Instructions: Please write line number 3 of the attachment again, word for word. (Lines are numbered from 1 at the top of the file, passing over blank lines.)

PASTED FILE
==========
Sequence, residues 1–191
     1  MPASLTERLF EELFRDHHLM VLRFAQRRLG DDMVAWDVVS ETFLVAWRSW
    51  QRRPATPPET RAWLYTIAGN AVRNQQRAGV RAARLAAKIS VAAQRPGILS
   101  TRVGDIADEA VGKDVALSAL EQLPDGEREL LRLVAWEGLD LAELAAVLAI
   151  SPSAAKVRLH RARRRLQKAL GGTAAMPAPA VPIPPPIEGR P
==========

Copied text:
    51  QRRPATPPET RAWLYTIAGN AVRNQQRAGV RAARLAAKIS VAAQRPGILS